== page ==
Affirmative action within higher education admissions naturally generates controversy because preferential admission granted to one student results in the exclusion of another.
There is also the question of whether affirmative action may actually harm, rather than help, the supposed beneficiaries – creating a “mismatch” by prompting students to attend selective colleges for which they are inadequately prepared.
In the words of former associate justice of the US Supreme Court, Antonin Scalia, students may find that “they're being pushed ahead in classes that are too fast for them”.
If mismatch is widespread, the rollback of affirmative action could mean intended beneficiaries will generally be better off, as will students who are currently displaced by affirmative action. Therefore, it’s important to know how prevalent this mismatch is.
Unfortunately, evaluation of mismatch in US colleges and universities is not easy. It is difficult to determine how affirmative action affects students' admission and college choice, since each institution has its own admission policies based on subjective factors (student interviews, extracurricular activities, recommendation letters and so on).
Credible comparison of academic outcomes across students is also problematic. For example, grading standards vary across faculties, departments and institutions, so grades and graduation rates are not comparable across colleges. Furthermore, information available for the study of affirmative action is often circumscribed; research typically uses limited information about the pool of applicants, or observes only a small number of colleges.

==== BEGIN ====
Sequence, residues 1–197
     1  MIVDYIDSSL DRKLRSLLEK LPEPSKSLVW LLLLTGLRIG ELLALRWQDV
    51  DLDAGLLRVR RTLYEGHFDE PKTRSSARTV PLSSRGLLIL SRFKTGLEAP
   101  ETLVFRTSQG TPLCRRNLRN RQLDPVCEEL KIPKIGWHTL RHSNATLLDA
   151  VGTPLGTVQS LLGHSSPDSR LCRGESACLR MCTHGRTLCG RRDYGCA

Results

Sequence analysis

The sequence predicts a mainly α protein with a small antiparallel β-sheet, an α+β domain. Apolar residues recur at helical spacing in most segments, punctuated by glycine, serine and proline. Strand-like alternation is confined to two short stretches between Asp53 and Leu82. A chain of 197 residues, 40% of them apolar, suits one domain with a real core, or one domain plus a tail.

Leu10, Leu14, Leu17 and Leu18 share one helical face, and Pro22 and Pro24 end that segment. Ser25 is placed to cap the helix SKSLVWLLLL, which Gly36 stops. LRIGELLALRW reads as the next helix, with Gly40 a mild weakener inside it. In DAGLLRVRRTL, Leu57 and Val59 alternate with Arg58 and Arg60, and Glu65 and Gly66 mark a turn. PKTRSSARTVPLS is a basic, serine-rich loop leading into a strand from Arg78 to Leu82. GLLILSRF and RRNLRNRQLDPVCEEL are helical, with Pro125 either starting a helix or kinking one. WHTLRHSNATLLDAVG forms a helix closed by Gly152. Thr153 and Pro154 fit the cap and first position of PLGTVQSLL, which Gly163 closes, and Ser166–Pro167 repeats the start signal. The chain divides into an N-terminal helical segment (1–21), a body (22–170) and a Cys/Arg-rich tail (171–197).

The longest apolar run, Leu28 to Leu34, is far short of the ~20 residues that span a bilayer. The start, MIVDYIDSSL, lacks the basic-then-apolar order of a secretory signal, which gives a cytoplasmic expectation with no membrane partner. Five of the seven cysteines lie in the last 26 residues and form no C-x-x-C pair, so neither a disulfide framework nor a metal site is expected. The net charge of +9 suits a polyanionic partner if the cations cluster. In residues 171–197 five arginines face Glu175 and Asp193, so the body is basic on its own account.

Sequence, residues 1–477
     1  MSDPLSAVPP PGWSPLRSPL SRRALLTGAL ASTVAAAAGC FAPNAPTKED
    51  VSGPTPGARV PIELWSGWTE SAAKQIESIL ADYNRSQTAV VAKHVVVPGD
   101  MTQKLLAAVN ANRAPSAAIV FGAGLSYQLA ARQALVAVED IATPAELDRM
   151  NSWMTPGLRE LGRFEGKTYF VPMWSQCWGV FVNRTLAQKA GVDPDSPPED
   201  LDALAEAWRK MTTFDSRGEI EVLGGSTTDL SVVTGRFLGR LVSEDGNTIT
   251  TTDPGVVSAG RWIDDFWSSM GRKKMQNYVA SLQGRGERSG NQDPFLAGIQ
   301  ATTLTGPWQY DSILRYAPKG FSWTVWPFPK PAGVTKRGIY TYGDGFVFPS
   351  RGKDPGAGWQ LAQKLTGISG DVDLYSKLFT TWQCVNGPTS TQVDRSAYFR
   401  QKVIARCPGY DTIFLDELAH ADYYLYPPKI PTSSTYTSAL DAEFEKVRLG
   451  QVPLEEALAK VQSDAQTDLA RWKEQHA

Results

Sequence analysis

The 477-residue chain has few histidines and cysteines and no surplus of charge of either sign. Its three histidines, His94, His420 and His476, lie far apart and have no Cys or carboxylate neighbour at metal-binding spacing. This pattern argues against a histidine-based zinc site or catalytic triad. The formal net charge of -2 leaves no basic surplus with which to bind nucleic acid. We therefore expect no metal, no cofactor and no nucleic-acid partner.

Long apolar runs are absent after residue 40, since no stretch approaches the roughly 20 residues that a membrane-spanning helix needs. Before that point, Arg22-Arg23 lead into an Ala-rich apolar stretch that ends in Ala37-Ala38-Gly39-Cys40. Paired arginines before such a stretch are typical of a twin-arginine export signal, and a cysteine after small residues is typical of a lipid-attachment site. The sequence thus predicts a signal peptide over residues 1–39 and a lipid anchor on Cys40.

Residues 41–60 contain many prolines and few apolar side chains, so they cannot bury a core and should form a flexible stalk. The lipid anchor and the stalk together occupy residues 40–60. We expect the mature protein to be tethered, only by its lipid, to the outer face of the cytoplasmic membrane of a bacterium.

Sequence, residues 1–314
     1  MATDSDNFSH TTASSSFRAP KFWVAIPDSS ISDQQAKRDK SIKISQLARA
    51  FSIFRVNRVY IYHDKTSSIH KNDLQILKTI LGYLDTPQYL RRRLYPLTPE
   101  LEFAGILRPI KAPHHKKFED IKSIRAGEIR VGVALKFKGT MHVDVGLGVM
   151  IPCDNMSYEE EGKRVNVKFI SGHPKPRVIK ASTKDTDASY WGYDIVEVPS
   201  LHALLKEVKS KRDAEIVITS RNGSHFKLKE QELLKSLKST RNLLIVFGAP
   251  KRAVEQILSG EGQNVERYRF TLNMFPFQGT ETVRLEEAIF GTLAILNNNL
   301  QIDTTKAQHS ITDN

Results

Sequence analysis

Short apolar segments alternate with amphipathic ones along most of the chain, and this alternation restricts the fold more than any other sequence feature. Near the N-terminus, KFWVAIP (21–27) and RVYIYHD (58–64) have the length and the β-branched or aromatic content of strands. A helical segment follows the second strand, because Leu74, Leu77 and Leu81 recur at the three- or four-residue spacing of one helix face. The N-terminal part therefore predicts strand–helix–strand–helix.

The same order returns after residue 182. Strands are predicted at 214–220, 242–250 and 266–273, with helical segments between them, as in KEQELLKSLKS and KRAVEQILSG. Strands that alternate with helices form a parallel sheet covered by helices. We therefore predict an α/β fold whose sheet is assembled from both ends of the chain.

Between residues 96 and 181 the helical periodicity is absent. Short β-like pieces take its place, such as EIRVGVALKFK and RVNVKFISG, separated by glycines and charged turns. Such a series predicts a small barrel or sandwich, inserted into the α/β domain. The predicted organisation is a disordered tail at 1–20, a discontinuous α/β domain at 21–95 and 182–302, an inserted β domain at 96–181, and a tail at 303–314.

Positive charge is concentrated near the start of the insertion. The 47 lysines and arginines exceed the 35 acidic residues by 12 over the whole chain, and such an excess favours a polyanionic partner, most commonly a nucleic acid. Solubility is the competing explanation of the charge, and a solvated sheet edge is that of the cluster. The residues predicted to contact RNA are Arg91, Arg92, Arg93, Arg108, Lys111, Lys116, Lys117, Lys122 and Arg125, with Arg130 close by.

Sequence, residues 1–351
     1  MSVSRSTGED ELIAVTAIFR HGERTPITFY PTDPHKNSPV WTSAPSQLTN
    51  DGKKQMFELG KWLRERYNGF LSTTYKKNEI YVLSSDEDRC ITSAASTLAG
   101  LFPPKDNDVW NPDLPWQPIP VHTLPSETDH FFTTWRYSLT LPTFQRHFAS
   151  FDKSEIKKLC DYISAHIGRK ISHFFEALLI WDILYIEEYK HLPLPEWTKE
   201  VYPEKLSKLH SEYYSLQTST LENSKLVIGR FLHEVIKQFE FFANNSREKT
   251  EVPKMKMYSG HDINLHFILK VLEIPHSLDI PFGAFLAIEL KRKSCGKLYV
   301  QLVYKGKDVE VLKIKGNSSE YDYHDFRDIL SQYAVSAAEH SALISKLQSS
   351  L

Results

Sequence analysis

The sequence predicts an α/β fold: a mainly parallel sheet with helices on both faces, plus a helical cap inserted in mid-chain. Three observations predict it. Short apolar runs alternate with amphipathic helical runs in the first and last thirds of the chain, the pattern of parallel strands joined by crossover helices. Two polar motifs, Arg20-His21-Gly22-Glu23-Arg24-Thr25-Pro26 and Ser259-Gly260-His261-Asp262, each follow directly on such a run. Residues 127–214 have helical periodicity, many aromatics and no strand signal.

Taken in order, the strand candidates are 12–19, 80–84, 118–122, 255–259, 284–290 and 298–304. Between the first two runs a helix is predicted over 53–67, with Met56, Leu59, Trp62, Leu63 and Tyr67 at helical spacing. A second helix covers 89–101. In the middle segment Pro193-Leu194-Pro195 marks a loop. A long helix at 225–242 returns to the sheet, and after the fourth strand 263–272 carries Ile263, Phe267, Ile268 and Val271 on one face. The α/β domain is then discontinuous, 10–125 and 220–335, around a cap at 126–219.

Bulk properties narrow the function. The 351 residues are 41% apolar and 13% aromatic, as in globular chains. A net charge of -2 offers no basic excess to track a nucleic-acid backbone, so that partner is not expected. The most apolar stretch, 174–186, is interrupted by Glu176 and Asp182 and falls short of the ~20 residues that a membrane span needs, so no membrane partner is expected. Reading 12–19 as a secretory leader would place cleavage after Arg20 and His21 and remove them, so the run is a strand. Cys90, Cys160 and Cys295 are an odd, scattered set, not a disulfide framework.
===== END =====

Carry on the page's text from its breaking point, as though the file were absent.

As in the US, Indian colleges often use affirmative action.
In India, women and students from disadvantaged castes receive preferential treatment. Unlike the US, the role of affirmative action in Indian admissions is quite transparent and educational standardisation allows a direct comparison of student outcomes. Therefore, Indian context provides a golden opportunity to study the impact of affirmative action.
In a recent study, we observed the entire applicant pool of 210 loosely affiliated engineering colleges that shared a common admission and student-evaluation system. For each applicant, we knew gender, caste and the score on an academic aptitude test, which combine to determine priority in admission, and were able to quantify whether an individual was advantaged or disadvantaged by affirmative action.
We tracked academic performance using results from externally administered exams and found affirmative action substantially increased college attendance among targeted students, and allowed those students to move up the college quality ladder – gains that came at the quantifiable expense of upper-caste men.
Affirmative action also improved academic performance of beneficiaries, which held for students in each of the 13 distinct gender/caste groups that were afforded increased priority in admission. Students from disadvantaged castes chose the most competitive engineering majors in higher proportions than other students. From our study, we determined that affirmative action neither improved nor adversely affected rates of on-time graduation.
We obtained a clear response to Justice Scalia’s concern: affirmative action does not give rise to mismatch.
Readers might ask whether our findings translate to the US context, and although we do not know, we believe the parallels are sufficiently strong as to cast serious doubt on the belief that affirmative action causes mismatch.
Based on our findings, we encourage policymakers to recognise the trade-offs inherent in decisions about affirmative action. A rollback in affirmative action will likely generate gains for some students while creating losses for others.
In the US and India, affirmative action enhances opportunities, but the choice of how to respond to those opportunities remains with the student. A student is not required to attend a highly selective college if admitted. When advancing diversity goals, we recommend that colleges and universities resist the temptation to attract students by creating false expectations about the ease of attaining academic excellence.
Student decisions should be based on fair and objective information about prospects for success.